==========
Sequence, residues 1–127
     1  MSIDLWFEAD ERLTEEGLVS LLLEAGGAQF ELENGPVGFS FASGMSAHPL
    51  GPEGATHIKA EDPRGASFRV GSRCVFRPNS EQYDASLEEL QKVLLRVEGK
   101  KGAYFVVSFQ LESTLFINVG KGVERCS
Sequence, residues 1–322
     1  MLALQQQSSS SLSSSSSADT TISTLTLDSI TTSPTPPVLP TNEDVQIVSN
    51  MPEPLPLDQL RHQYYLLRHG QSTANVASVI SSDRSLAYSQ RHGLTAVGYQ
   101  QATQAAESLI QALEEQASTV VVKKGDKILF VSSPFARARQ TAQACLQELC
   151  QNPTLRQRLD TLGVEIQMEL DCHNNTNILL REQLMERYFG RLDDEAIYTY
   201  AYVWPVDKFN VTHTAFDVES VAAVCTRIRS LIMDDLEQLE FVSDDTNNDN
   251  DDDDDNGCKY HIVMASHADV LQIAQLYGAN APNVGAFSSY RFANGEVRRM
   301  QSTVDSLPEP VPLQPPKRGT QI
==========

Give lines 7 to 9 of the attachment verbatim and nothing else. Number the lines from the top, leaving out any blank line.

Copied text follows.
    51  MPEPLPLDQL RHQYYLLRHG QSTANVASVI SSDRSLAYSQ RHGLTAVGYQ
   101  QATQAAESLI QALEEQASTV VVKKGDKILF VSSPFARARQ TAQACLQELC
   151  QNPTLRQRLD TLGVEIQMEL DCHNNTNILL REQLMERYFG RLDDEAIYTY